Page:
First, three candidates belonging to the National Democratic Alliance moved the High Court averring illegal rejection of their candidature by the Returning Officers. The three claimed that the rejection of their candidature for technical defects in their nomination papers was tainted with mala fides. Nomination papers filed by other candidates which had similar defects were accepted by Returning officers, it was contended.

The Court, while refusing to interfere, notedthat many such instances were being reported and urged the Election Commission totake steps to ensure the purity of the election process was maintained.

Soon after, Leader of Opposition in theKerala Legislative Assembly Ramesh Chennithala moved the High Court alleging the existence of over 3 lakh double entries in the electoral rolls, giving rise to possible double/bogus voting. The Election Commission on the other hand submitted in Court that only 38586 such entries had been identified.

Recording a prima facie finding that there were discrepancies in the electoral rolls, the Court directed the Election Commission to no voter voted more than once. In this respect, the Court issued a slew of directives to the Commission, directing the Commission to warn persons of consequences of voting twice, collecting affidavits, photographs and signatures of those whose names appeared twice, among other directions. In the course of the judgment, the Court noted that the Election Commission had taken steps to identifying the double entries, pursuant to representations made by the Leader of Opposition.

UDF Candidates EM Augusthy, D Kumar, Cyriac Thomas and Shanymol Usman on Saturday filed similar pleas in the High Court alleging the existence of double entries in the constituencies of Udumbanchola, Devikulam, Peerumedu, and Aroor. Their petitions have been disposed after a Special Sitting of Court on Saturday.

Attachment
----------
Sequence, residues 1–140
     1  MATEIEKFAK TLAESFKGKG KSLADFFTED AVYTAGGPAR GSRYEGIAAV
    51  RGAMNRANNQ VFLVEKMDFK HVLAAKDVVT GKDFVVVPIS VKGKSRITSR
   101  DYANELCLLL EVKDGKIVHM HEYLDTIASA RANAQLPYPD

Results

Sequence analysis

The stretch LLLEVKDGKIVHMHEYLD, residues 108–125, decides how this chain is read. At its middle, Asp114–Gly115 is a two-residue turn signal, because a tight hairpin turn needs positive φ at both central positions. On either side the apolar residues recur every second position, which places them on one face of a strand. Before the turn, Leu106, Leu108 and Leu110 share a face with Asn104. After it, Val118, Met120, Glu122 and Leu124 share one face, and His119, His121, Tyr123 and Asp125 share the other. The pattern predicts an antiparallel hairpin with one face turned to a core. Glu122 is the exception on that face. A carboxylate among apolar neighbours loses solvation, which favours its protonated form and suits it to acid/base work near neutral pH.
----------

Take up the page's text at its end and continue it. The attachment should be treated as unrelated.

Close on the heels of the Leader of the Opposition's petition, UDF candidates K Muralidharan, Anand Jayan and Deepak Joy, candidates for the constituencies of Nemom, Vamanapuram and Vypin respectively seeking the safety of polled postal ballots.

After the Election Commission's Standing Counsel submitted that the postal ballots would be safeguarded and secured in strong rooms, sealed in the presence of the candidates of the respective constituency, and the entire process videographed, the Court closed proceedings. The Court enjoined the Election Commission to make sure the polled ballots were secured and safeguarded in the manner envisaged in the Conduct of Election Rules, 1961.

The Kerala State Government through Additional Advocate General Ranjith Thampan moved the Kerala High Court last week challenging the Election Commission's halt on the government's special schemeproviding rice and other essential items to 'non-priority' segments of thepopulation (blue and white ration card holders) on the ground that the same violated the Model Code of Conduct. The Court has issued a stay on the Commission's order, in view of the fact that the scheme was announced prior to the commencement of the election and that the scheme was to draw to a close on March 31. The Court however emphasized that the party-in-power could not use the scheme for promotion or to influence voters in its favour in violation of the Model Code of Conduct.

Click here to download the judgment